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Dozens of grocery workers nationwide have died from coronavirus, and more than 3,000 members of the United Food and Commercial Workers International Union are currently out of work due to illness or exposure to COVID-19, the union said in a press call on Monday.
UFCW president Marc Perrone said that 30 members of the UFCW, which represents more than 900,000 grocery workers as part of its membership of 1.3 million, had died due to complications from coronavirus. But according to a Washington Post analysis published Sunday, at least 41 grocery workers nationwide have died due to complications from the coronavirus and more than 1,500 UFCW members have tested positive for coronavirus.
“I work in one of the hardest hit areas, and while I maintain my composure at work, the fear we feel is absolutely real,” said Gregg Finch, a UFCW member and Stop and Shop worker in New York, the global epicenter of the coronavirus outbreak.. “We don’t have a choice, we have to work. We also know that we are needed. The shop is essential for New Yorkers going through the struggle.”
A recent survey conducted by the UFCW found that 96% of 5,000 members who responded are concerned about being exposed to coronavirus, Perrone said on the call Monday. In recent weeks, workers at companies such as Amazon, Shipt, and Instacart have staged walkouts in order to demand management to implement stronger safety measures and paid leave for sick employees.
Because of the overwhelming concern from members, the UFCW is rolling out a “Shop Smart” ad campaign in an attempt to persuade social distancing compliance from customers. The union will soon roll out print and video ads on a “nationwide basis,” Perrone said, “to get customers to think about [safe shopping] in a more positive way.”
Jane St. Louis, a Safeway worker in Maryland, said that three of her coworkers are out due to illness, although they haven’t been tested, and that workers are expected to stay home for two weeks if they have a fever. “Everyone’s going by that even though they aren’t getting paid,” she said.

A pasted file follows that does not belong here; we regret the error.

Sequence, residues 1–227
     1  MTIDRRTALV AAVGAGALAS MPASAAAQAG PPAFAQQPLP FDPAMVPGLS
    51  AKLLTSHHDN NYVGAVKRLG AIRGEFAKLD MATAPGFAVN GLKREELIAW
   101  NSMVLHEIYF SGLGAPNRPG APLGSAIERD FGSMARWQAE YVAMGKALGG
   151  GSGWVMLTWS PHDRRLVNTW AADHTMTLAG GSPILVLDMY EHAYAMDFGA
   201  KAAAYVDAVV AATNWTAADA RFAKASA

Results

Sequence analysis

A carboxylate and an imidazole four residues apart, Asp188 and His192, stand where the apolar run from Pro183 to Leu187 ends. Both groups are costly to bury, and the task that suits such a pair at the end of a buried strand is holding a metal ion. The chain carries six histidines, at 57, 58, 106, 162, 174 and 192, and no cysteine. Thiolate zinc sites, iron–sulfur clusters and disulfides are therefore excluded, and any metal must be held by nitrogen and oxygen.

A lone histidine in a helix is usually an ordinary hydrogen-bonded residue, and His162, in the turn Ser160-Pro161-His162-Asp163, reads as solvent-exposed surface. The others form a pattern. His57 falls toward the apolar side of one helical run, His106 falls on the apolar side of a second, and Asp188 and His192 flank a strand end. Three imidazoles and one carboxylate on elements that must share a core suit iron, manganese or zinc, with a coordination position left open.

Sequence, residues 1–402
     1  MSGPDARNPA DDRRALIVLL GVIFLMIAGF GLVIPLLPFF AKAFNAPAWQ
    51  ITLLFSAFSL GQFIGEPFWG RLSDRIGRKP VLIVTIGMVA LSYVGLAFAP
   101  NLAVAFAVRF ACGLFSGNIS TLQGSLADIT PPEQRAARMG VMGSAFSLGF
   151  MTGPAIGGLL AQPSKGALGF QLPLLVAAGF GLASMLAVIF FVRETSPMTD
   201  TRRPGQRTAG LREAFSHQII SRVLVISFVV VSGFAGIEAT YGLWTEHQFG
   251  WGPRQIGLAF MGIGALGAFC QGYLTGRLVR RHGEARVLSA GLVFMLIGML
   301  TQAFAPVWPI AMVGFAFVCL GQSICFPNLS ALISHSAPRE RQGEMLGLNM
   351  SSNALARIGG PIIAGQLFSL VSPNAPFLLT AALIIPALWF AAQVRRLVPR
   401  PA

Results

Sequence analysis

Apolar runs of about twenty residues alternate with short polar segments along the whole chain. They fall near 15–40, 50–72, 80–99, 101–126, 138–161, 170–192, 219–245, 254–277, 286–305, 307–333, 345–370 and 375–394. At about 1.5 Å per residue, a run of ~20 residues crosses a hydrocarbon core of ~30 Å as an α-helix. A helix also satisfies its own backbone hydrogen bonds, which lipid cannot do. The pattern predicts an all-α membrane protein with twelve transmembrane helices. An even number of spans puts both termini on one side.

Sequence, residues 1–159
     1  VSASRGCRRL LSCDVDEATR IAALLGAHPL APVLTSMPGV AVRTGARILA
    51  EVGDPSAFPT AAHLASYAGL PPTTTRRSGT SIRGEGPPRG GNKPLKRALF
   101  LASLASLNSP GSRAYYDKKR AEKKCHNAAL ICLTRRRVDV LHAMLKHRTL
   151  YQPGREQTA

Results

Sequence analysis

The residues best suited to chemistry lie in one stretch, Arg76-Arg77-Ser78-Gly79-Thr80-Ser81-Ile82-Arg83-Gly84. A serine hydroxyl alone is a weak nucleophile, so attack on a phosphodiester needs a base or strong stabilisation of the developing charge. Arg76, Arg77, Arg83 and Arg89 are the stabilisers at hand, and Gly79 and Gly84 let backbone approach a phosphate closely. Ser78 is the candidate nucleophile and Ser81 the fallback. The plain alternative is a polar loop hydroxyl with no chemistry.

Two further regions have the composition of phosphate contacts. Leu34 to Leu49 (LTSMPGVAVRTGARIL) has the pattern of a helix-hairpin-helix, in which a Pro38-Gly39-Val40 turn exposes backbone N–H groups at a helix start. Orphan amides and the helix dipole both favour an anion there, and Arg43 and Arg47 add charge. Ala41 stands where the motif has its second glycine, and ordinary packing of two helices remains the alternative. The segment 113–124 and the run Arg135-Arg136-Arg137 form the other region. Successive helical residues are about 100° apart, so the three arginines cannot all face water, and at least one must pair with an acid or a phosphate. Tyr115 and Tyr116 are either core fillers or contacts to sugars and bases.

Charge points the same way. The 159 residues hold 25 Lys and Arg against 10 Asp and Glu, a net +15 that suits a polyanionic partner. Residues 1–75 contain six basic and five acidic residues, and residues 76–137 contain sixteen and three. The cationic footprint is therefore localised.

Grocery workers from around the country expressed their fears of contracting the virus, which they said have been compounded by poor social distancing and unhygienic behavior from customers, such as tossing used gloves in shopping carts or on the floor.
“We do need to shop differently and smarter than ever before,” Finch said.
“It is clear that unless something changes quickly, more and more of these workers, both union and non-union, will become exposed and die,” Perrone said. Perrone also noted that the UFCW sent a letter to the Centers for Disease Control and Prevention last week urging the federal government to provide personal protective equipment to food workers “before food supply is threatened and workers die needlessly.”
He added that no formal plans have been made for walkouts at grocery stores yet, as the union has seen “good faith efforts” from employers. But he didn’t rule out more aggressive action in the future if conditions get worse.
“The more people get frustrated, if this virus doesn’t die down, we could see some of that at some point,” Perrone said. “But not because anybody wants it to happen and certainly not because these workers want it to happen. They’re just as concerned about consumers as themselves.”
Cover: Volunteers at Pantry 279 distribute food to area residents experiencing food insecurity during the COVID-19 Coronavirus emergency. (Photo by Jeremy Hogan / SOPA Images/Sipa USA)(Sipa via AP Images)
This article originally appeared on VICE US.